This will be brief. As mentioned above, to lose weight, you need to stay in a caloric deficit. Burn more than you eat. Easy right? Well, sort of.
If you go from eating junk foods, to trying to eat whole, unprocessed food sources, you’ll probably lose some weight. But when it stalls, what do you do? At worst, nothing. At best, you take a wild guess, and try to eliminate something else. Both not optimal.
If you’re tracking your food intake, however, or at least following a meal plan, it’s much easier to make adjustments. You can shave off 20g of carbs here, or reduce a meal size if following a plan, but if you’re guessing, you really can have no idea how to precisely adjust things.
5. Going way too far with cheat meals.
Cheat meals can be great, if used properly. If you need a break, or feel you’ve “earned” it somehow, then go for it, but please keep it small.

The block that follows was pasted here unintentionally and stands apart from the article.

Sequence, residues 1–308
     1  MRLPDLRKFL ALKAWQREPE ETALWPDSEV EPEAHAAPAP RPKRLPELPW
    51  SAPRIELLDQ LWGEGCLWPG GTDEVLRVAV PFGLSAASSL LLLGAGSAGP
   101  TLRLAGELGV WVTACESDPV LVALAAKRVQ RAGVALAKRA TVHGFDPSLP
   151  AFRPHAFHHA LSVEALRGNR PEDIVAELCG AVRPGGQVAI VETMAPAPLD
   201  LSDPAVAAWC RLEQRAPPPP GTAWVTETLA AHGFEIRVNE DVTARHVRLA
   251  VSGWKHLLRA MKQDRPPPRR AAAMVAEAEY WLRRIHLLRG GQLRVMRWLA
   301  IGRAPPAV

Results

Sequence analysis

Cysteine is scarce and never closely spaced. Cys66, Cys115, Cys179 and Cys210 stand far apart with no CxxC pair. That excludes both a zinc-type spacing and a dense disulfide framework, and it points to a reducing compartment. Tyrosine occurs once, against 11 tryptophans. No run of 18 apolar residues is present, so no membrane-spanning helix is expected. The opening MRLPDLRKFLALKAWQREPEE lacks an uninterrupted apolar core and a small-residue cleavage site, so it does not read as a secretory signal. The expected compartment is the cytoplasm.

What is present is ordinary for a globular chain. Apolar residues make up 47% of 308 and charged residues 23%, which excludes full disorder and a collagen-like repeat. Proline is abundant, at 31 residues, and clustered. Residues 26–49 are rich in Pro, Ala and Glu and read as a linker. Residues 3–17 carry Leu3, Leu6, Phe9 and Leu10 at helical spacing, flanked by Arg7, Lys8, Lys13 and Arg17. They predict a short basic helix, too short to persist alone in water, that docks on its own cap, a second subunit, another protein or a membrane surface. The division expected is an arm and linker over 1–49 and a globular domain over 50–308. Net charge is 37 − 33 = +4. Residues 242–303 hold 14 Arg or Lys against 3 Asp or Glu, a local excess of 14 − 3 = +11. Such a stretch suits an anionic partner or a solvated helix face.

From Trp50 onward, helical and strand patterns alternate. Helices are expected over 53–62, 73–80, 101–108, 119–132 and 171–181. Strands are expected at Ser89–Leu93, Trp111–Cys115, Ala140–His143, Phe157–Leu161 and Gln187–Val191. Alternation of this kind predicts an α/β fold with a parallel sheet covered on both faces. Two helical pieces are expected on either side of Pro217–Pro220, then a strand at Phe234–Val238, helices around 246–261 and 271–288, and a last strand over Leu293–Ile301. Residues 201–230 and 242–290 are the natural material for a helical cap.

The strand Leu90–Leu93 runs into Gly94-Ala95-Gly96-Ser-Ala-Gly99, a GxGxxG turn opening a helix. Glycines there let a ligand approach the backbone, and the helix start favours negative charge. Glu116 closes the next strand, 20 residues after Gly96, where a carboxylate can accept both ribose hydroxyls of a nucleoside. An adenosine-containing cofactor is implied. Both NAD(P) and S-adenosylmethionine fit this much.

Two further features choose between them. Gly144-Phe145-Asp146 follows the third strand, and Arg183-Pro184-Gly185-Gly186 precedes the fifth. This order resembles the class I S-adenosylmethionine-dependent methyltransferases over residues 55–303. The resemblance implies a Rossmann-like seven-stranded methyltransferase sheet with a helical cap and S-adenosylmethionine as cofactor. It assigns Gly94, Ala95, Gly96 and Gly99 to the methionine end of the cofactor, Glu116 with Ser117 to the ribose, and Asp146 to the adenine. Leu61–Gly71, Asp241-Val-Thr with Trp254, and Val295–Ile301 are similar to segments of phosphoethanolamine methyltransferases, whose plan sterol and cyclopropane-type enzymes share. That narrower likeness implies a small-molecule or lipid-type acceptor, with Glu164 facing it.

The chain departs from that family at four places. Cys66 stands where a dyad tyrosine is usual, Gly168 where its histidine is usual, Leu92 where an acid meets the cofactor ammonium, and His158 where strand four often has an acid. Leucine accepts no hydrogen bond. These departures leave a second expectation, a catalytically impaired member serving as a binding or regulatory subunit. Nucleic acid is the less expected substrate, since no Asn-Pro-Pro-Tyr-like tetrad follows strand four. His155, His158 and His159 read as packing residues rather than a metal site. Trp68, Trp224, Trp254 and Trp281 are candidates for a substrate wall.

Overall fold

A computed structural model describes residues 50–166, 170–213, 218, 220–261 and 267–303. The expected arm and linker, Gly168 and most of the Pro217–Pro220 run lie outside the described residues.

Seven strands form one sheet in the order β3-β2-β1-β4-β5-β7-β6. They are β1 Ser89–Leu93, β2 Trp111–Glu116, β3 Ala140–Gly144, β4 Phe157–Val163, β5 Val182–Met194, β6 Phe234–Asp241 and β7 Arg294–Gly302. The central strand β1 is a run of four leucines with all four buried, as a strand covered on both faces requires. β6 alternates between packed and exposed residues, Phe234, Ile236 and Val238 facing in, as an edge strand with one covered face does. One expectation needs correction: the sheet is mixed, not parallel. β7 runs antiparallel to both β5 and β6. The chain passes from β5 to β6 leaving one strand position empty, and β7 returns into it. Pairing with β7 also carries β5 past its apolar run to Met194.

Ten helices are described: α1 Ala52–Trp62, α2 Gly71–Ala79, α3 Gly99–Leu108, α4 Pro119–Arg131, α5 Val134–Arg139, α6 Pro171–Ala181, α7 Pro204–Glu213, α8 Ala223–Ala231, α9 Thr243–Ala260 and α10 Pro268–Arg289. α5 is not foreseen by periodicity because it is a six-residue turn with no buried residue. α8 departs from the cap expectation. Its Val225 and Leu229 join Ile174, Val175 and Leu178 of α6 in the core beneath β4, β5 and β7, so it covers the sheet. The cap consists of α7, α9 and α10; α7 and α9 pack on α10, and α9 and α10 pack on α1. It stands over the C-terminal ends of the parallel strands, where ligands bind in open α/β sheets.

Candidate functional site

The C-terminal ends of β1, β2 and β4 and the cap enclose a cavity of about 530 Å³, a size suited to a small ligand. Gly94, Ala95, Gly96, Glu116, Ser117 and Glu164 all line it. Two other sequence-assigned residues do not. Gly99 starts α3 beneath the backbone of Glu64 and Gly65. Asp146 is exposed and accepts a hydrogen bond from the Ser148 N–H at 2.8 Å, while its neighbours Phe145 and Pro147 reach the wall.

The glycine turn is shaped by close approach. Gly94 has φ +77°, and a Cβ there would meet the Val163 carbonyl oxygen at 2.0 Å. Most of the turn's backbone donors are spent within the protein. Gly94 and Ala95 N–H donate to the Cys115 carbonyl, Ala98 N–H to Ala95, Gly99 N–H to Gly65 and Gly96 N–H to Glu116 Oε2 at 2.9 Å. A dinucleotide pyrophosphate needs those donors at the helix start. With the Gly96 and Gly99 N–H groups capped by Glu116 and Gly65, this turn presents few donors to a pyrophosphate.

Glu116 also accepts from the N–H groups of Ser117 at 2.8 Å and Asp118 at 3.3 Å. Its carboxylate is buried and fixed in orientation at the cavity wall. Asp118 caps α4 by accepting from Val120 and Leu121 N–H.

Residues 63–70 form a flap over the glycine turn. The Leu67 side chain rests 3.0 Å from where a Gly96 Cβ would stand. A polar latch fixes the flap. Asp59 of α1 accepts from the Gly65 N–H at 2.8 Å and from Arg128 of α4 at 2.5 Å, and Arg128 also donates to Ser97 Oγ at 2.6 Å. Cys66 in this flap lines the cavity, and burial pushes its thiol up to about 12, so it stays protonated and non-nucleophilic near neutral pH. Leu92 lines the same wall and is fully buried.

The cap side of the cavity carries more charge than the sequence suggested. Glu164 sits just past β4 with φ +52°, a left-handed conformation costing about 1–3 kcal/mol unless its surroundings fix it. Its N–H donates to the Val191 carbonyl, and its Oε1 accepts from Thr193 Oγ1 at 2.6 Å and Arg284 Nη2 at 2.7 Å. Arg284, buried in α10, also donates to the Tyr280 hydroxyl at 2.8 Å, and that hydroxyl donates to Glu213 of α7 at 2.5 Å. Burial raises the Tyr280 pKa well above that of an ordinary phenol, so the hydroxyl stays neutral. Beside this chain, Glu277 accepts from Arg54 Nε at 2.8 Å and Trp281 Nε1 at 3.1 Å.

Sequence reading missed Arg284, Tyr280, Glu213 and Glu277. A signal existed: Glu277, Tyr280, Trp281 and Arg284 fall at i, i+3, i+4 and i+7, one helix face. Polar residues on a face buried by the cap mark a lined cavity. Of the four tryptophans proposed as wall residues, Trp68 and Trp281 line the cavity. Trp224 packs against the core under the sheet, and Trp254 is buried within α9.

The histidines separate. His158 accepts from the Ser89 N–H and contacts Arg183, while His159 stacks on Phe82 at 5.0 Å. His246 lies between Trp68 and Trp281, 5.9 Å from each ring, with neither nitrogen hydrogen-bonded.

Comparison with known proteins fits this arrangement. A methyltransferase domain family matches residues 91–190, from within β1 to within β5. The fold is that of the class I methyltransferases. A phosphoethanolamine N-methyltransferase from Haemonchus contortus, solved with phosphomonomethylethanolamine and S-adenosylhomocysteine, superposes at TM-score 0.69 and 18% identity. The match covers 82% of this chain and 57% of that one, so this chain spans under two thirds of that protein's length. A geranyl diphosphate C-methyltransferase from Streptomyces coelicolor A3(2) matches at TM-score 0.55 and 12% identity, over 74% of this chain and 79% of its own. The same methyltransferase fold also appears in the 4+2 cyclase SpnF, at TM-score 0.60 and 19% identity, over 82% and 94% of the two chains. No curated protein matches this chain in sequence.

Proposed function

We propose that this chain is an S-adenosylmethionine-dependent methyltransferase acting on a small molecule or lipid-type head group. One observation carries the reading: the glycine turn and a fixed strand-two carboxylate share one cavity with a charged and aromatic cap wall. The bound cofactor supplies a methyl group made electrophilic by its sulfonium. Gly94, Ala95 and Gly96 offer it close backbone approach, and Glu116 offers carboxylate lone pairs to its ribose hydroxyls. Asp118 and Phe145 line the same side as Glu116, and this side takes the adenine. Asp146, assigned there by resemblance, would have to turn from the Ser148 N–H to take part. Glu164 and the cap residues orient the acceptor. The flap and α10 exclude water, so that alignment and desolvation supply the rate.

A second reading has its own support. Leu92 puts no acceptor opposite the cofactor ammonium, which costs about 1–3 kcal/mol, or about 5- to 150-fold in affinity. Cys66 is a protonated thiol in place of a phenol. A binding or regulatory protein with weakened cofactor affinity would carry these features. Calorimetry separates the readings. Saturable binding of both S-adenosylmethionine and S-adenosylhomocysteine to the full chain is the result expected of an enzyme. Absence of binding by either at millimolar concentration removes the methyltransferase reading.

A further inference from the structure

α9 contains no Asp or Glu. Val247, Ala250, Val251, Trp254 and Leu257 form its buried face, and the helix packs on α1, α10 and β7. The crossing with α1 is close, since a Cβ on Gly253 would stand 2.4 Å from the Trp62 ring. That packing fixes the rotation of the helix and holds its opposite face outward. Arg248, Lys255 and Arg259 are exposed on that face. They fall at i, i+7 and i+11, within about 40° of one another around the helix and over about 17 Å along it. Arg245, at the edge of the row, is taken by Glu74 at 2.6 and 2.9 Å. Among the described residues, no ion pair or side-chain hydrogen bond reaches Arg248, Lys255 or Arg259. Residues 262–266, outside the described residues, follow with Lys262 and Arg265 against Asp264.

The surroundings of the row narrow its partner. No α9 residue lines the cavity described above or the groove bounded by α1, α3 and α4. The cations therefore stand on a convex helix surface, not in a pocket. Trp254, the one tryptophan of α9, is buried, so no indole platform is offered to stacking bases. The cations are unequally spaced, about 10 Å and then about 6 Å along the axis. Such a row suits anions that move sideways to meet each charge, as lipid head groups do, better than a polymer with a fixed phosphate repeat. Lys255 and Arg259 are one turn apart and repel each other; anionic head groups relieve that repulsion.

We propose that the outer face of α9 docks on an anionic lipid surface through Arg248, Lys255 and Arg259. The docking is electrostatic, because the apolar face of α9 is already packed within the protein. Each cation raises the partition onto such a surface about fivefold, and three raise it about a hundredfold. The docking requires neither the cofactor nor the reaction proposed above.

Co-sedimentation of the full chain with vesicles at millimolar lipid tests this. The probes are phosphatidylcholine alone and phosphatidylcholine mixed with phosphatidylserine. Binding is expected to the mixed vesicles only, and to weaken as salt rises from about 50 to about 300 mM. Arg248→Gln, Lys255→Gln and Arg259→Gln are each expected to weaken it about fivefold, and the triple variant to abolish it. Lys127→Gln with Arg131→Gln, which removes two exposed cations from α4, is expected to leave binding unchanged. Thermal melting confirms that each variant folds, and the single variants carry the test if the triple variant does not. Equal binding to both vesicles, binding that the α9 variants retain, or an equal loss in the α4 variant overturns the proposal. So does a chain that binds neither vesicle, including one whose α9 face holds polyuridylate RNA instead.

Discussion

I’m all for eating until I can’t move from time to time, but you have to realize how this is affecting you. Let’s say you track your food, your workouts, have the perfect meal plan, and eat 500 calories under your needed intake all week, a common recommendation.
Even if your cheat meal is just one meal out of the whole week, you can easily hit 3-4K calories in one sitting. Easily. I say this because I’ve done it. At this point, you’ve undone your entire week of dieting, congratulations.
Sadly, with many people I work with, and talk to, it’s not just one meal. You may slip up and have a meal, and then just give up and binge eat all day since the day is ruined anyway. This can turn into a whole weekend, and so on.
The same thing can also happen with snacking, by the way. Having a few fries at lunch, or a cookie at work, won’t seem like much at the time, but over the course of a few days, those little indulgences can add up.
You get the point here, just be sure to be very careful with your indulgences. If you’re going to have a cheat meal, eat slowly, and eat until your satisfied – don’t stuff yourself like it’s your death row meal. There will be more food in your life, just man up and have some self-control.
Norton, L., Trexler, E., & Smith-Ryan, A. Metabolic adaptation to weight loss: implications for the athlete. Journal of the International Society of Sports Nutrition. Retrieved June 6, 2014.